Friday, August 20, 2010

Two People Agree

Last week, a childhood friend of mine who writes a wonderful blog posted something about an article she'd read about therapy; the next day I found a copy of this same article in my box at work and figured I needed to read it. The article, called "My Life in Therapy," chronicles the experiences of a chronically depressed woman who seeks the services of many, many psychoanalysts over the course of her life. I read it with great interest and increasing distress: her experiences were just so awful, so invalidating,

The author states from the outset that:
To this day, I’m not sure that I am in possession of substantially greater self-knowledge than someone who has never been inside a therapist’s office. What I do know, aside from the fact that the unconscious plays strange tricks and that the past stalks the present in ways we can’t begin to imagine, is a certain language, a certain style of thinking that, in its capacity for reframing your life story, becomes — how should I put this? — addictive.
This is probably my greatest professional concern: that I will not actually help anyone, but only serve to perpetuate the therapeutic tropes that run rampant in our culture. Come see me, go watch Dr. Phil, go read a book by Dr. Laura--whatever, it's all the same.

She goes on to write about an experience she had with one of her analysts wherein she found herself profoundly bothered by the rules and regulations of the relationship, but simultaneously found it necessary to keep her mouth shut:
Needless to say, I didn’t air any of these thoughts and instead went into my skittish, slightly apologetic, pre-emptively self-deprecating patient mode — intent on sounding like someone who was aware of the pathological currents that ran beneath a life that might be viewed as functional, even successful, if looked at from afar.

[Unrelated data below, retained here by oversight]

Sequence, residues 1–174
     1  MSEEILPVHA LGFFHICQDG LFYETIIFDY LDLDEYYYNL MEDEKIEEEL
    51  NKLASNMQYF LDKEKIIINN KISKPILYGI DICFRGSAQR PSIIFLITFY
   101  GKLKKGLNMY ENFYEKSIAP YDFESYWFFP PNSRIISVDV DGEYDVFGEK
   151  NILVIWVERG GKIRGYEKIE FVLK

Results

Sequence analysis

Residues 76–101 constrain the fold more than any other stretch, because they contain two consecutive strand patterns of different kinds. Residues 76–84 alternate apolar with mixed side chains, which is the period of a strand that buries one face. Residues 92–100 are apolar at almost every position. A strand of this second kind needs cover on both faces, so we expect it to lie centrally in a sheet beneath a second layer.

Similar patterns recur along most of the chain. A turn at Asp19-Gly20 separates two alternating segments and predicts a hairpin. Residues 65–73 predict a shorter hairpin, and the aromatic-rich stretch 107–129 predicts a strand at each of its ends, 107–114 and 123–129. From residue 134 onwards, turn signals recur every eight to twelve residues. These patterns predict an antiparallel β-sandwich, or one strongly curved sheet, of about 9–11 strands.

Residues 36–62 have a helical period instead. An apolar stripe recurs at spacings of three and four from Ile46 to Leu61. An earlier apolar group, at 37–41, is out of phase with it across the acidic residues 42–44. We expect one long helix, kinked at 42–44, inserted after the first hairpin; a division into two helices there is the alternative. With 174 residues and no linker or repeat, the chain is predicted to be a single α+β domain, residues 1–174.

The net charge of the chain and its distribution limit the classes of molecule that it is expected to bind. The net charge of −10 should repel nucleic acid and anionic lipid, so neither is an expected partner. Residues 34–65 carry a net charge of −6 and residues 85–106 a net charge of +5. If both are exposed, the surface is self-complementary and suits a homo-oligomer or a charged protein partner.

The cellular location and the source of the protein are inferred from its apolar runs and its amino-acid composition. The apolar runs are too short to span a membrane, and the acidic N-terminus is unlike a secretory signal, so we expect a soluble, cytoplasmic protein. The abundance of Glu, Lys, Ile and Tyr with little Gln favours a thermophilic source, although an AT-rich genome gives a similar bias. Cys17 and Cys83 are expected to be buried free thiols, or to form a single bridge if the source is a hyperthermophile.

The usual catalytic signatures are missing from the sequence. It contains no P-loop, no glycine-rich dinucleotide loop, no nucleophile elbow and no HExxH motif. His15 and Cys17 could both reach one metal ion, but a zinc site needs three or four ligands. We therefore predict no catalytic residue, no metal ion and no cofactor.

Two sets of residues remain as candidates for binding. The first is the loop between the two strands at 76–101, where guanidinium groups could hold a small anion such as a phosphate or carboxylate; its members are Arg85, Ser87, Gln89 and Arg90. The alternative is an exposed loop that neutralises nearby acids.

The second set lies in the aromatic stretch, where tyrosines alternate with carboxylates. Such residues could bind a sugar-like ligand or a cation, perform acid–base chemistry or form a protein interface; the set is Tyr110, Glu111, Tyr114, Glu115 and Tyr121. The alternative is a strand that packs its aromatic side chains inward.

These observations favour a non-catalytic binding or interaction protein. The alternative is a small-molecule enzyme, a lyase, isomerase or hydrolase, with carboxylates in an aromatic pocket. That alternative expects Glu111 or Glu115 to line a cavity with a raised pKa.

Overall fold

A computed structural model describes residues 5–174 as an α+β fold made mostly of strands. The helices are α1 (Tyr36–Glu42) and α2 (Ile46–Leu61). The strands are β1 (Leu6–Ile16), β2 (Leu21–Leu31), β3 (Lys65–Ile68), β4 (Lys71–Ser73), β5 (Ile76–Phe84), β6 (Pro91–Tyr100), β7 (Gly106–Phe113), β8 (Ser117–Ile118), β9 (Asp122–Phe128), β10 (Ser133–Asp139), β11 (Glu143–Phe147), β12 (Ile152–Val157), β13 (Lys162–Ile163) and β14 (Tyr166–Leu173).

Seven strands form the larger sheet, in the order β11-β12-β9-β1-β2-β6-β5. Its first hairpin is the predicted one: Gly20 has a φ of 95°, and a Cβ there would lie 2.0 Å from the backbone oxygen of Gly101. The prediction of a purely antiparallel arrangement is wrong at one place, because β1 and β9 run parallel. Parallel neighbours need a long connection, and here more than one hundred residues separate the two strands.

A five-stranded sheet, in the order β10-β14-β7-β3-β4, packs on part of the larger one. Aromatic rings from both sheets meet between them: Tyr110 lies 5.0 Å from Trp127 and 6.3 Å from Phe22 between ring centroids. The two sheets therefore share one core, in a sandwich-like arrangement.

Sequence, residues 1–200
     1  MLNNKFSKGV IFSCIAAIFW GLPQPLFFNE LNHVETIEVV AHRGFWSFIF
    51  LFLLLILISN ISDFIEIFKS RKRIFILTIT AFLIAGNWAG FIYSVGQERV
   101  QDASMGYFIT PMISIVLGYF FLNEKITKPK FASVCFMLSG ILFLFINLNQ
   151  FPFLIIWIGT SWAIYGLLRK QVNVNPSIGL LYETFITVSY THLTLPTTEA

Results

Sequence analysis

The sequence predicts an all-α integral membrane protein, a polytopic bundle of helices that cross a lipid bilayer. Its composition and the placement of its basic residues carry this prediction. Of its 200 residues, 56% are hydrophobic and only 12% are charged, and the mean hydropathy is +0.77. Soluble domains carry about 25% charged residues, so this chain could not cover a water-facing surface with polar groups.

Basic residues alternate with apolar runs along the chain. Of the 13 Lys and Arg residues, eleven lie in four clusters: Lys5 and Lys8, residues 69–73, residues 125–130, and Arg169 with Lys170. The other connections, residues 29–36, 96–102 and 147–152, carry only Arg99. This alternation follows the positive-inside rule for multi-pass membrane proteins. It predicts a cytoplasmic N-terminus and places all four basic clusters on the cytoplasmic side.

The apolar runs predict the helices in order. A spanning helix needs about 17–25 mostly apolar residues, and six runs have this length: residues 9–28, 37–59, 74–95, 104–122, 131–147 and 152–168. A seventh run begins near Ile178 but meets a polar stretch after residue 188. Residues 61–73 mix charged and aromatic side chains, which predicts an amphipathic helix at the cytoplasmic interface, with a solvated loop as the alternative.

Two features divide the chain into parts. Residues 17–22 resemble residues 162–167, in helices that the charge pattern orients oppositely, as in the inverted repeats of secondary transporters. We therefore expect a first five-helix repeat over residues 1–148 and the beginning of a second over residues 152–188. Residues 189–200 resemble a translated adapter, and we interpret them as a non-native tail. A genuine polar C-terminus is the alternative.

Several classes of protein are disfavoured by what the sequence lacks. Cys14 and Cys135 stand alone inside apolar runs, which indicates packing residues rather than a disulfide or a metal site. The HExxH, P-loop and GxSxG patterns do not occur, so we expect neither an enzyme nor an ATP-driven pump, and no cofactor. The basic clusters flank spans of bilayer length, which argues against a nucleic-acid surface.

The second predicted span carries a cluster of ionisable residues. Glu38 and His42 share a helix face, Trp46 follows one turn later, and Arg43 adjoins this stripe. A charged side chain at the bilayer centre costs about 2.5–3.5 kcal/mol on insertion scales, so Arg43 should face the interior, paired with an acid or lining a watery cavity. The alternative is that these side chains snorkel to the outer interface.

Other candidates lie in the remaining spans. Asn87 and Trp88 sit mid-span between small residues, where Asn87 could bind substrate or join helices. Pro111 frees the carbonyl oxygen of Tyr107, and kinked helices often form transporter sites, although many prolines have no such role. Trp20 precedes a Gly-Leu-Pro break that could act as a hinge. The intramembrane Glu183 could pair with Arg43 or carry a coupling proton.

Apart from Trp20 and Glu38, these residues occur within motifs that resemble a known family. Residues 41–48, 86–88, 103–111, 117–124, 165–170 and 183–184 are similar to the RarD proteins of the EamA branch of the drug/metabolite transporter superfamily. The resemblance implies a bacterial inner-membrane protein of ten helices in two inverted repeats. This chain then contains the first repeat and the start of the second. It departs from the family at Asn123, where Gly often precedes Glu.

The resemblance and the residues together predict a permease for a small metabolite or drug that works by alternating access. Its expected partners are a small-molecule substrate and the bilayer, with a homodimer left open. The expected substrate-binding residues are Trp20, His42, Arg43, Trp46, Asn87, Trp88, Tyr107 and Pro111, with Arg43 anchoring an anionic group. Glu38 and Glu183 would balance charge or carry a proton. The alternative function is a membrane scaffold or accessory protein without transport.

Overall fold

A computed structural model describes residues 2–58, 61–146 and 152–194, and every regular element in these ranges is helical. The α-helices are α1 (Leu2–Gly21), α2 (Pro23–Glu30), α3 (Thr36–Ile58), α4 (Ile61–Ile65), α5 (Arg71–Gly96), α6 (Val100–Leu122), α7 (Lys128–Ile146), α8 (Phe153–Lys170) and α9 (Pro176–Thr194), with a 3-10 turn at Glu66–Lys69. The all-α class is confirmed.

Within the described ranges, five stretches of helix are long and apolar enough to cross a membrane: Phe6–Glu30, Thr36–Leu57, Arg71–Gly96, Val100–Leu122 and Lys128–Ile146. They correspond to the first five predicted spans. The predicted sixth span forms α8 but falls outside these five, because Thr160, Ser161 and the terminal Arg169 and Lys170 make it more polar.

I guess you could look at this a couple of ways: as the unending spiral of an incurable neurotic--as most analysts would likely see it--or as the understandable need to portray oneself in a certain way so as not to be labeled prematurely. In my experience, the latter seems disturbingly reasonable: there are a whole lot of pathologizing clinicians out there, people who will diagnose every assertive woman with Borderline Personality Disorder, who start talking about "resistance" when patients start questioning the point of therapy. And speaking of questioning:
All of which raises the question: What exactly is the point? How can you be expected to know when being in therapy is the right choice, to know which treatments are actually helpful and which serve merely to give the false sense of reassurance that comes with being proactive, with doing all that we can? Does anyone, for example, really know what “character change” looks like?...Even to this day, I’m not sure I know anyone whose character has been genuinely transformed because of therapy. If anything, most people seem to emerge as more backed-up versions of themselves.
I felt truly heartened when I read this passage. In fact, this is the point in therapy when I frequently feel the most hopeful: when a client begins to question the usefulness of the whole endeavor. The whole idea of "character change" repulses me, frankly, and I use the moment of questioning as an opportunity to tell people precisely that. The job of the therapist, in my opinion at least, is not to change the character of a person, but to help that person become more fully themselves. Sure, it can be and often is about changing problem behaviors or habits, but the self of the person should remain not only intact but more solid, more whole, more robust. I have come to understand that people arrive at my office with the expectation that I will reveal to them all that is flawed within themselves, then give them the necessary tools to remedy the problems. This makes me immensely frustrated with the whole business of therapy, which is truly responsible for the idea that most people are flawed.